I have an old transceiver. I have a problem where ocassionally the received signal will drop out when switching from transmit to receive. I've narrowed it down to the transmit/receive relay. When bench-testing the relay, it "clicks" over to receive, but shows a very high resistance. The contacts aren't visibly corroded or damaged. I have heard that the contacts may have to be cleaned - what's the best way to do this? Are there any cleaners that should be avoided?

  • $\begingroup$ Note, many contact platings can include cadmium, indium, palladium, mercury, etc., even today and long into the foreseeable future. $\endgroup$
    – rdtsc
    Commented Oct 25, 2023 at 17:55

2 Answers 2


Cleaning relay contacts is usually done mechanically. Use fine grade garnet paper (not generic sandpaper -- it can leave conductive dust behind), fold a strip in half and put it between the relay contacts, push the contacts together, and pull the paper out. Repeat until done.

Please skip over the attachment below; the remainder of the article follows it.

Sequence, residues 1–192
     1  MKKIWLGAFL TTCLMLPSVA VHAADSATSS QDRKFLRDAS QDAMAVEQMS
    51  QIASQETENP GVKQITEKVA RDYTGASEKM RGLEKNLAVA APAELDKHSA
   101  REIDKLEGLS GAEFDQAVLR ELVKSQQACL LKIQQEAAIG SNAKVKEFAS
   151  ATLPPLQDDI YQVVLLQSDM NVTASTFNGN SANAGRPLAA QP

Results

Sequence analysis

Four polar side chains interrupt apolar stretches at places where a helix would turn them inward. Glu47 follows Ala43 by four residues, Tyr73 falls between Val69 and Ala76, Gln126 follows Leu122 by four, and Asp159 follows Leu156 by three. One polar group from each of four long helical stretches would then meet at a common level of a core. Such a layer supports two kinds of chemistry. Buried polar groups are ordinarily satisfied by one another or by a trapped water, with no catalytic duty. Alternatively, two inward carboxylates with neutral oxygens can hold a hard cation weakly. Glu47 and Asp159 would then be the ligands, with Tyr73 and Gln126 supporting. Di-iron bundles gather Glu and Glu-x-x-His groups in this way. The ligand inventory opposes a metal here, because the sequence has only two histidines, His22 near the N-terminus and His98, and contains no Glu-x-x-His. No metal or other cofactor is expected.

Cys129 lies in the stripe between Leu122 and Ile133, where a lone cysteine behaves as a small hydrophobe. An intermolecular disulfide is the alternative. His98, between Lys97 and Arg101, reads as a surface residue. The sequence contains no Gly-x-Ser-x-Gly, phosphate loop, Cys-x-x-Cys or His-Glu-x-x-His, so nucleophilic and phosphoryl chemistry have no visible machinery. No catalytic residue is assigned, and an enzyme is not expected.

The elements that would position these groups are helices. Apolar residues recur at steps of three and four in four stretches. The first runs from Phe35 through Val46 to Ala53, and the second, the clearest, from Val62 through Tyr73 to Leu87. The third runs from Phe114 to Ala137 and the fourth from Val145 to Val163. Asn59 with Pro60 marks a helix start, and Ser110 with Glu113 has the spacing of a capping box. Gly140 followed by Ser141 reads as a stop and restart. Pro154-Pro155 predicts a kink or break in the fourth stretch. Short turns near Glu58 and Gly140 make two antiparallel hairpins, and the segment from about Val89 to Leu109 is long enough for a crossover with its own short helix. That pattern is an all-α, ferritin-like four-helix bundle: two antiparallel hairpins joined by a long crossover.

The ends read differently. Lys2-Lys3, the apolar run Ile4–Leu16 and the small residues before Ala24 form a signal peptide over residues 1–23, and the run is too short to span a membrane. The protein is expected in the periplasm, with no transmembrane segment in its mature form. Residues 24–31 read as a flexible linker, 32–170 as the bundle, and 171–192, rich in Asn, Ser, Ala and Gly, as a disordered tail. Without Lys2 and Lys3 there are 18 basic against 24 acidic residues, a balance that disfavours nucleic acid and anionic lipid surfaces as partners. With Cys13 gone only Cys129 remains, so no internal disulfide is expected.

• $\begingroup$ Garnet paper is sandpaper, of a type. However, it's one that's getting hard to find these days. It's not friable like aluminum oxide (the much more common type of sandpaper) and so it cuts slower and wears out more quickly. I imagine the name aluminum in aluminum oxide can lead one to believe it's conductive, but it's not really, it's a big ingredient in ceramics. Aluminum has a resistivity of 2.82 × 10^-8 Ω·m, where aluminum oxide has a resistivity of 1 x 10^16 Ω·m. $\endgroup$
    – WPrecht
    Commented Nov 12, 2013 at 20:13
  • $\begingroup$ @WPrecht-AB3RY - I clarified the difference. Google shows garnet paper available from Amazon and Woodworker.com. $\endgroup$
    – Pete NU9W
    Commented Nov 12, 2013 at 20:30

To follow up on my comment to Pete's answer, the contacts probably have some oxidation (tarnish) on them, depending on the metal involved.

What you don't want to do is gouge up the contact surface with something that's too abrasive. You just want to clean the surface and restore conductivity. Rag based bond paper works well (a crisp US dollar bill, for instance). Insert the paper, gently hold the contacts together and swipe out the paper. Should only take a few swipes. If the contacts are plated over a base metal, any cleaning process will have a limited number of uses as the plating in these cases is very thin.


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